A group of Nelson "ghostbusters" are fighting burglary charges after they were busted by police in Nelson's old - and, some say, haunted - psychiatric hospital.
They told police they were hoping to scare themselves by observing signs of "the paranormal", but it was a police dog waiting for them that frightened them the most.
The group of five were caught in an abandoned building at Stoke's former Ngawhatu Hospital at 1am on March 30.
Police say they entered the building through a broken window.
The Ngawhatu Valley in Stoke was the site of an orphanage industrial school - St Mary's - and later the Ngawhatu Psychiatric Hospital, which operated from 1922 to 2000.
Rumours the place is haunted are part of Nelson folklore.
Visitors to the Nelson Mail Facebook page commented yesterday the place was "eerie", "spooky" and had an energy "full of old echoes". A few even reported seeing figures up there, including a former worker who said she saw "an old lady in a white nightdress float across the room in a geriatric villa".
Others said they had never experienced anything strange up the valley and it was all in people's minds.
A few former in-patients of Nelson's Ngawhatu psychiatric hospital at the facility in the 1960s and 1970s spoke of harrowing treatment in a report on New Zealand's psychiatric institutions. The Nelson complainants said they were victims of sexual and physical abuse and were subjected to electric shock therapy as punishment.
Four men were caught inside the former hospital by police last month, prompting Judge Tony Zohrab to label them "ghostbusters" during their appearance in the Nelson District Court this week.
Three pleaded not guilty to unlawfully being in a building, indicating through their lawyers they would argue they were not in the building to steal anything or cause damage.
Shane Matthew Casbolt, 22, Shaun Gregory Garing, 37, and Christopher Eric Cooper, 19, were remanded on bail to dates in April and May.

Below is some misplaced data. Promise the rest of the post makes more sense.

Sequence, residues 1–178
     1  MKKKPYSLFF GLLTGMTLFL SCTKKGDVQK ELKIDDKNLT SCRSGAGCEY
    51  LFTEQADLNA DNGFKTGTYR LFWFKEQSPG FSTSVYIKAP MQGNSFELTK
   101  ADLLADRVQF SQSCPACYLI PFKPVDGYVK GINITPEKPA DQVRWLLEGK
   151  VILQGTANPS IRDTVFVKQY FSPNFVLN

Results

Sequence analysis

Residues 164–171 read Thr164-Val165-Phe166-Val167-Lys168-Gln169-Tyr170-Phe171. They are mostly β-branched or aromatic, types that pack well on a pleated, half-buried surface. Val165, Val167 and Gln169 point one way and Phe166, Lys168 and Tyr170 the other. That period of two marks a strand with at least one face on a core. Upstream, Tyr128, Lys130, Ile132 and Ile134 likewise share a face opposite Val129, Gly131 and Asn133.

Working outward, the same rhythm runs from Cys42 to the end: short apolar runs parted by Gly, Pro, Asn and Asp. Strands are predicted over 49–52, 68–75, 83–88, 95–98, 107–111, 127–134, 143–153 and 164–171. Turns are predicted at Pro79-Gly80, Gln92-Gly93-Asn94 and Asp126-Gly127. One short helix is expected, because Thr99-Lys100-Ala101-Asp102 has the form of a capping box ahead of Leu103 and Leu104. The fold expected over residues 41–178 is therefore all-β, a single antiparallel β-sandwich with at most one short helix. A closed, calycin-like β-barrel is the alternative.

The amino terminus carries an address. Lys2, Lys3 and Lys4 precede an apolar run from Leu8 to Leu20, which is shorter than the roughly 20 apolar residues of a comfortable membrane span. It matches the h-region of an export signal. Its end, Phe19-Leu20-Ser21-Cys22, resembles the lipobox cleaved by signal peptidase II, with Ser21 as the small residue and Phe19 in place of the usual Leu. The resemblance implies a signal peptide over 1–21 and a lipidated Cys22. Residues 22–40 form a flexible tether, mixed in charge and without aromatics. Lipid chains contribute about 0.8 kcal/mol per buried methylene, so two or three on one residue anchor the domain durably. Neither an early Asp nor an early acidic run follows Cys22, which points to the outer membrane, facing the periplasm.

A fourth man, Jacob Misiata Head, admitted the charge and was sentenced to 40 hours of community work.
Outside of court Casbolt told the Nelson Mail he had been intrigued by the history of Ngawhatu area since he was a child.
Having been up to the site during the day, he was keen to check out the place at night as it was "a bit spookier and things might happen".
He said the group was only doing what plenty of other teenagers in Nelson had done.
"It's kind just of the place on a Friday, Saturday night for teenagers to go and get a bit of a scare. We were just dumb enough to get caught by police."
Before his early morning visit Casbolt made a YouTube clip looking at the site and sent it to current affairs TV show 60 Minutes asking it to do a story on Ngawhatu.
He wanted to raise awareness of the history of the place and what had gone on there when it was an orphanage and psychiatric hospital.
"It was a very uneasy place. I've always been fascinated [by it]."
On the night they were arrested, Mr Casbolt said the group didn't get a chance to see or feel anything of the supernatural kind. After they had been there five minutes, the police arrived.
"Probably the biggest thing that scared us was the big black police dog waiting for us at the bottom of the stairs," he said.
He accepted they shouldn't have been there and should have got permission.
"I just want to get that story out there about what actually happened at Ngawhatu as, one day, those buildings aren't going to be there and just personally I feel it's going to be a bit of Nelson's history lost."
Police said they had caught another group at the former hospital "looking for ghosts" last month but it was not a regular problem.
In 2007 the Nelson Mail reported that a man who sat drinking with friends at the hospital waiting for ghosts to appear was convicted for unlawfully being in a building. In 2004 some of the disused buildings were burnt down in suspicious circumstances.
The facility's swimming pool is still used by the community after it successfully rallied to stop the pool, built for staff and patients at the hospital, from being closed.
- The Nelson Mail
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